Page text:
The EU Emissions Trading System (EU ETS) is a cornerstone of the European Union’s policy to counter climate change. It is an important tool for reducing greenhouse gas emissions cost-effectively. It is the first and biggest international scheme for the trading of greenhouse gas emission allowances, the EU ETS covers some 11,000 power stations and industrial plants in 30 countries.
EU ETS was launched in 2005 and works on the “cap and trade” principle. That means there is a “cap”, or limit, on the total amount of certain greenhouse gases that can be emitted by the factories, power plants and other installations in the system. Within this cap, companies receive emission allowances which they can sell to or buy from one another as needed.
At the end of each year each company must surrender enough allowances to cover all its emissions, lest heavy fines are imposed. If a company reduces its emissions, it can keep the spare allowances to cover its future needs or else sell them to another company that is short of allowances. The flexibility that this emissions trading system brings ensures that CO2 and other emissions are cut where it costs least to do so.
The number of allowances is reduced over time so that total emissions fall. In 2020 emissions will be 21% lower than in 2005. The ETS is growing reasonably fast and is becoming stronger. The ETS now operates in 30 countries. It covers the 27 EU member states plus Iceland, Liechtenstein and Norway. It covers CO2 emissions from installations such as power stations, combustion plants, oil refineries and iron and steel works, as well as factories making cement, glass, lime, bricks, ceramics, pulp, paper and board.
Nitrous oxide emissions from certain industrial processes are also covered. Between them, the installations currently in the scheme account for almost half of the EU’s CO2 emissions and 40% of its total greenhouse gas emissions.
Airlines are expected to join the scheme in 2012. The European Union ETS will be further expanded to include the following industries: petrochemicals, ammonia and aluminium, in 2013, when the third trading period will start. At the same time a series of important changes to the way the EU emissions trading system works will take effect in order to strengthen the system.
The EU ETS has put a price on carbon emissions. The EU ETS has shown that it is possible to trade in greenhouse gas emissions. Emissions from installations in the scheme are falling as intended. The changes to be introduced in 2013, notably a progressive move towards auctioning of allowances, will further enhance its efficacy. The success of the EU ETS has inspired several countries and regions, across the globe. Some of them are planning to launch cap and trade schemes of their own. They all may operate in different names. Allowances may be called certificates. The EU hopes to link up the ETS with compatible systems around the world to form the backbone of climate change prevention induced by ETS. Ultimately the allowances should be tradeable globally.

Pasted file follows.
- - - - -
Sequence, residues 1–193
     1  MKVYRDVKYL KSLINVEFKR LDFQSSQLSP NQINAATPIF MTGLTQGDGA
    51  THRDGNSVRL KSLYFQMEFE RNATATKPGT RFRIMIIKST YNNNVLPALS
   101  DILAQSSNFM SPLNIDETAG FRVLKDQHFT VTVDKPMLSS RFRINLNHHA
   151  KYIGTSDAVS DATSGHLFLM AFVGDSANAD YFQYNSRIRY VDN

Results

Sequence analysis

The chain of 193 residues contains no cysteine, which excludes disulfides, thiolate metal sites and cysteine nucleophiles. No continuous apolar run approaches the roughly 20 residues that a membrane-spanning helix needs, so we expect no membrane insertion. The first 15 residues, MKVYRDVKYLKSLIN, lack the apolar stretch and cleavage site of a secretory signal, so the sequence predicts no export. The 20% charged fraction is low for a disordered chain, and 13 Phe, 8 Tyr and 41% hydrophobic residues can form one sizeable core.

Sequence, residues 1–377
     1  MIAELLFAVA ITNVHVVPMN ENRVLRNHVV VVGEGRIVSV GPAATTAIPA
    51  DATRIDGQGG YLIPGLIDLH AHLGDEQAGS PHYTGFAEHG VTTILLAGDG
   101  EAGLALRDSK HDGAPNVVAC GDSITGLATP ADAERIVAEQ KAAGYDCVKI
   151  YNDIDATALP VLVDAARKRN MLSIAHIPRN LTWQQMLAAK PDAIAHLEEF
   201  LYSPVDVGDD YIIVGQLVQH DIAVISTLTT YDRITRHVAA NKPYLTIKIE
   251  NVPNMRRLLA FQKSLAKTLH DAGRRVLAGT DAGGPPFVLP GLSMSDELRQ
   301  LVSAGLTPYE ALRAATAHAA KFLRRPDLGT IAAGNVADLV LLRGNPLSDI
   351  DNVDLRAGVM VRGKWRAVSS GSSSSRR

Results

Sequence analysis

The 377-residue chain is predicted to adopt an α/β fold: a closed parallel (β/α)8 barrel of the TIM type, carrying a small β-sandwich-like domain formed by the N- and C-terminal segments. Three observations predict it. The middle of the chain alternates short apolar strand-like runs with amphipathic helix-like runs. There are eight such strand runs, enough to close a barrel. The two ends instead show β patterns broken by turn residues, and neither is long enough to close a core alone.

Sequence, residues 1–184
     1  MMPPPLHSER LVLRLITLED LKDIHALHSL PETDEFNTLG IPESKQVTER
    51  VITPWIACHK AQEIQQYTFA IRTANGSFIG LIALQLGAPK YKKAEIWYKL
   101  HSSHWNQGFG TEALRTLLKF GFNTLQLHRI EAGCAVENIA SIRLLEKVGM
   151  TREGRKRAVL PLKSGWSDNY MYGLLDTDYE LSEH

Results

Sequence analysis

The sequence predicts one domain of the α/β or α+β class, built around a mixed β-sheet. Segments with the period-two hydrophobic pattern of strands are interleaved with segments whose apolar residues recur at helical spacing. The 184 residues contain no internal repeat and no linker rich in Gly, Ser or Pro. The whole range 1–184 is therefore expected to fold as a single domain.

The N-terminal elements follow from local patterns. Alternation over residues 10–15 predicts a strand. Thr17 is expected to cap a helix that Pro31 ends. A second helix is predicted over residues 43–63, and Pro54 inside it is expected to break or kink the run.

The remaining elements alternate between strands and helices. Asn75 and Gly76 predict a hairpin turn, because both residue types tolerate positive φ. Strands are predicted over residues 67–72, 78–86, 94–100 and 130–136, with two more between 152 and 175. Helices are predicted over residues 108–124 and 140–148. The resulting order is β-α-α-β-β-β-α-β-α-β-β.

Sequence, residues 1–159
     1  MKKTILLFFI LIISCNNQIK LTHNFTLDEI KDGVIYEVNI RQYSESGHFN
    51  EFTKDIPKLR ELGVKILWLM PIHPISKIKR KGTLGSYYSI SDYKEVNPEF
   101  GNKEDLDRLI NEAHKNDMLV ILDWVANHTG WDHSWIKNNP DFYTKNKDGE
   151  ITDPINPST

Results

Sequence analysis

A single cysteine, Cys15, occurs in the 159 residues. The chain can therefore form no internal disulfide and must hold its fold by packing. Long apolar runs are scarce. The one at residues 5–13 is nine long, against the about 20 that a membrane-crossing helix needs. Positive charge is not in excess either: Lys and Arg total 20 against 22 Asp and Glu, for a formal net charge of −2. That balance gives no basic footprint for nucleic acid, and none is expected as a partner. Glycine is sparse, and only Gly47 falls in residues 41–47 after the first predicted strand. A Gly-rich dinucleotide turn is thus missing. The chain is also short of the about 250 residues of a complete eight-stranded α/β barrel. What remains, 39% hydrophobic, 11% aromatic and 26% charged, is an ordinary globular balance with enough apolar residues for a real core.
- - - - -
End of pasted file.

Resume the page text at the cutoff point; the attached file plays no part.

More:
Countering and mitigating or slowing climate change is a top priority for the EU. Actually it should be the top priority for the world to prevent climate change. Europe is working hard to cut its greenhouse gas emissions substantially while encouraging other nations and regions to follow suit. At the same time, the EU is developing a strategy for adapting to the impacts of climate change that can no longer be prevented. Controlling and countering climate change carries a cost, but doing nothing will be far more expensive in the long run. Moreover, investing in the green technologies that cut emissions will also create jobs and boost the economy.
To prevent the most severe impacts of climate change, the scientific evidence shows that the world needs to limit global warming to no more than 2ºC above the pre-industrial temperature. That is just 1.2°C above today’s level. To stay within this ceiling, we have to stop the rising trend in worldwide greenhouse gas emissions before 2020, at least reduce the global emissions by 50 % by the middle of this century.
The EU is showing the way forward through its strategy to fight climate change and the policies that it already implements or has proposed to the member states and the European Parliament. Initiatives it has taken to cut its climate emissions include:
- Continually improving the energy efficiency of a wide array of equipment and household appliances
- Mandating increased use of renewable energy sources, such as wind, solar, hydro and biomass, and of renewable transport fuels, such as bio fuels;
- Supporting the development of carbon capture and storage (CCS) technologies to trap and store CO2 emitted by power stations and other large installations;
- Developing a comprehensive EU adaptation strategy that strengthens Europe’s resilience to climate change.
The EU has even offered to increase its emissions reduction to 30% by 2020, on condition that other major emitting countries in the developed and developing worlds commit to do their fair share under a future global climate change agreement. This agreement should take effect at the start of 2013 when the Kyoto Protocol‘s first commitment period would have expired in 2012.